Stock Market Fades, Closes Modestly Lower; But Indexes Hold These Key Levels

The stock market faded from early gains Tuesday, but indexes overall made small price moves and remained in their current price trends.


The Nasdaq composite lost a 0.8% early gain and closed a smidgen lower. The S&P 500 rose 0.4% early but ended 0.2% lower. But both indexes Tuesday held above significant levels, namely the 50-day moving average, and the 21-day exponential moving average.

The Dow Jones Industrial Average also fell 0.2%, as indexes closed near session lows. Small caps lagged, with the Russell 2000 down 0.8%. The index is meeting resistance at its 50-day moving average, just like it did last week.

Volume rose from Monday’s levels, based on unconfirmed figures. Declining stocks outnumbered advancers by nearly 2-1 on the NYSE and by 12-7 on the Nasdaq.

U.S. Stock Market Today Overview

Index Symbol Price Gain/Loss % Change
Dow Jones (0DJIA) 34311.73 -82.25 -0.24
S&P 500 (0S&P5) 4188.17 -8.88 -0.21
Nasdaq (0NDQC ) 13657.17 -4.00 -0.03
Russell 2000 (IWM) 219.32 -2.08 -0.94
IBD 50 (FFTY) 43.55 -0.20 -0.46
Last Update: 4:06 PM ET 5/25/2021

Semiconductor stocks gave the Nasdaq a bit of flotation. The VanEck Vectors Semiconductor ETF (SMH) added 0.6%, even after trimming its gains. The ETF is back above the 50-day line this week, according to MarketSmith pattern recognition.

Transportation Sector Hurts Stock Market

Transportation was a weak spot; the Dow transports fell 1%, despite relative strength in IBD’s airline industry group. Airlines faded from a morning jump, as did other travel-related stocks. Shipping, trucking, logistics, airfreight and transportation equipment groups fell 1% to 3.5%, and did the most damage to the transportation sector.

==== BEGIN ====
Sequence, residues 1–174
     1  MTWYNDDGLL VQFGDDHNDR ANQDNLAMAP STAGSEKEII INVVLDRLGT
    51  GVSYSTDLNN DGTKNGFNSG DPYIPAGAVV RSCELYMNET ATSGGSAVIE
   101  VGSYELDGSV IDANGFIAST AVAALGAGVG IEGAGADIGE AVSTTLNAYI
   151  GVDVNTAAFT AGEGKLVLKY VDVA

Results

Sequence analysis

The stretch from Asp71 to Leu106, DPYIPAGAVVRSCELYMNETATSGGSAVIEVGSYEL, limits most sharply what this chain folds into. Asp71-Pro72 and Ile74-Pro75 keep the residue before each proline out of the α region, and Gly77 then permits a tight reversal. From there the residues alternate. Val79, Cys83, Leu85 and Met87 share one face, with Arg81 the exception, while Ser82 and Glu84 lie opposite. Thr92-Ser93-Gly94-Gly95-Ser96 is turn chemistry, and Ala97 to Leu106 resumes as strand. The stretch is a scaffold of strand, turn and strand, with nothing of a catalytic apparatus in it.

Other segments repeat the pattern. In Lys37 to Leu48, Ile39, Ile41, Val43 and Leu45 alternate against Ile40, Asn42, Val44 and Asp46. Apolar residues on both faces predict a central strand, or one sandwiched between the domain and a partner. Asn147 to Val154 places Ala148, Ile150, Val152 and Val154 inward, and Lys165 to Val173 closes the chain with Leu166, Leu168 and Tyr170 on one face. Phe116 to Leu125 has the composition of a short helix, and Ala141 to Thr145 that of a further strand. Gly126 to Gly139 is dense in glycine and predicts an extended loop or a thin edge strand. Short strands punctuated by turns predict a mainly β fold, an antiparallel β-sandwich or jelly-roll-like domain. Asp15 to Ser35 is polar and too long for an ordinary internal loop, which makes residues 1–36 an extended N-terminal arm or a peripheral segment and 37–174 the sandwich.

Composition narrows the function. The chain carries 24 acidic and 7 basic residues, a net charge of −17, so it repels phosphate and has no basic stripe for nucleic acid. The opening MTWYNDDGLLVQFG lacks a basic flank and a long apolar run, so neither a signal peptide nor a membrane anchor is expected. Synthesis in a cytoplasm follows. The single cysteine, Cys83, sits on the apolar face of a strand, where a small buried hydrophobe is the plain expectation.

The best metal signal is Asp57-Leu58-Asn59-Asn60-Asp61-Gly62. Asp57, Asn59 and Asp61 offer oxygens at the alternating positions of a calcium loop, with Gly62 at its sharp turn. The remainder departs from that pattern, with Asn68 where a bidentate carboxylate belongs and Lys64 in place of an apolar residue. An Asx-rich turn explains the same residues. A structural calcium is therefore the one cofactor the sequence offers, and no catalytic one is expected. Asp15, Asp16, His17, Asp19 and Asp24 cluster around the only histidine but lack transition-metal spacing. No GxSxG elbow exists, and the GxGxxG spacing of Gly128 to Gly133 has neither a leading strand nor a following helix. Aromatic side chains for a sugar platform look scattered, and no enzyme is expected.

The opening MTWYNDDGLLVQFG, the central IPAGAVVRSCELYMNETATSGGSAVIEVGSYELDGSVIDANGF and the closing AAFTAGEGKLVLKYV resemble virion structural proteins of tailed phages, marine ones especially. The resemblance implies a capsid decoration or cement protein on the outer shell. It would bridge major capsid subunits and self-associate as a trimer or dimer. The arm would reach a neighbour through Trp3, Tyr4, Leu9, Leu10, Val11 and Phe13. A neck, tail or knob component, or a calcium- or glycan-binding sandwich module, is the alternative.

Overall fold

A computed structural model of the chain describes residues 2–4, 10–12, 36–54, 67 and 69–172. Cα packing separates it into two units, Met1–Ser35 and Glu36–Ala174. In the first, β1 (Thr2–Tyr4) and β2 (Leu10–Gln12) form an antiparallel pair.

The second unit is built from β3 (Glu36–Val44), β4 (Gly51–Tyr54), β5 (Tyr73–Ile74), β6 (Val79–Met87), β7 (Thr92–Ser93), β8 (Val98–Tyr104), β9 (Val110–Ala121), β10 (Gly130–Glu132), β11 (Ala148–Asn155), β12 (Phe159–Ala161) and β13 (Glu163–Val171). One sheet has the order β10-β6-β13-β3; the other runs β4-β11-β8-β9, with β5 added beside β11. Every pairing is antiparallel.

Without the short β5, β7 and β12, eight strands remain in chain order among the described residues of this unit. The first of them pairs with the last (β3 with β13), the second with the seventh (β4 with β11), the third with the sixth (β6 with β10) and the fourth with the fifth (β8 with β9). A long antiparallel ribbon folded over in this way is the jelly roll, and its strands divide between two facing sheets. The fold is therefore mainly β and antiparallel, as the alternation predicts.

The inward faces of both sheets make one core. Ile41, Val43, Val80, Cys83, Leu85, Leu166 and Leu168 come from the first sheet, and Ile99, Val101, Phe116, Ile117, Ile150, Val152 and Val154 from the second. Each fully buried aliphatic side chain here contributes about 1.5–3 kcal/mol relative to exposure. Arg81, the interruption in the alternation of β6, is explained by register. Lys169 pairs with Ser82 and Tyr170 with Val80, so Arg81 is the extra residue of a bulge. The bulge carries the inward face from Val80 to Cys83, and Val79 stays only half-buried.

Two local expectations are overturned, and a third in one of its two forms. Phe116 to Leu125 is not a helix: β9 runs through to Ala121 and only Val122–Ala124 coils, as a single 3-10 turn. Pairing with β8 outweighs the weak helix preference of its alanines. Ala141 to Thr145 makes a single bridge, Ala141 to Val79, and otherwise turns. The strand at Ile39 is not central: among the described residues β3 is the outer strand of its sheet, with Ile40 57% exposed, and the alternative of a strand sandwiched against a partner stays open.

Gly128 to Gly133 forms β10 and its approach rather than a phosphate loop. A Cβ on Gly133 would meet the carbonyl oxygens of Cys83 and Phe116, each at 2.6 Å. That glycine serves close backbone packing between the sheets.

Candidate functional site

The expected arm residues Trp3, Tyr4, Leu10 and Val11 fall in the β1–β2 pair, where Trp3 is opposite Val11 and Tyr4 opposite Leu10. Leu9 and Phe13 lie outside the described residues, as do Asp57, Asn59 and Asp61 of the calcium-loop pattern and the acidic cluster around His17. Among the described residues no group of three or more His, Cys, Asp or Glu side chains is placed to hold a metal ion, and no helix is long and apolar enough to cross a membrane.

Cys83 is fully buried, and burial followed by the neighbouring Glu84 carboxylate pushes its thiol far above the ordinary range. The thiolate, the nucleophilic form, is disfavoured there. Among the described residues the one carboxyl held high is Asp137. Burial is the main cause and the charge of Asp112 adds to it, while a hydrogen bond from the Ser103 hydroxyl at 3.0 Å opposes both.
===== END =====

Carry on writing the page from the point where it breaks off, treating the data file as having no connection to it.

Homebuilders were one of the top-performing industry groups Tuesday, despite a surprising drop in April new home sales. Those fell 5.9% to a two-month low of 863,000 units annualized.

But the median sales price jumped 20.1% from April 2020, when the housing market was weaker. Home prices in the biggest 20 metro areas in the U.S. rose 1.6% in March, according to S&P CoreLogic Case-Shiller. That’s the largest month-to-month increase since 2013, and up 13.3% on a year-ago basis, says Jennifer Lee, Senior Economist at BMO Capital Markets.

LGI Homes (LGIH), Pulte Group (PHM), Toll Bros. (TOL) and Beazer Homes (BZH) are some of the homebuilders rising from support at the 10-week moving average. The group is ranked No. 31 out of 197 industries.

In another important economic report, the Conference Board’s Consumer Confidence Index dipped from last month. The report found Americans are more optimistic about the labor market in May. But respondents also expect interest rates will be higher a year from now, and 12-month inflation expectations rose, Lee noted.

Juan Carlos Arancibia is the Markets Editor of IBD and oversees our market coverage. Follow him at @IBD_jarancibia


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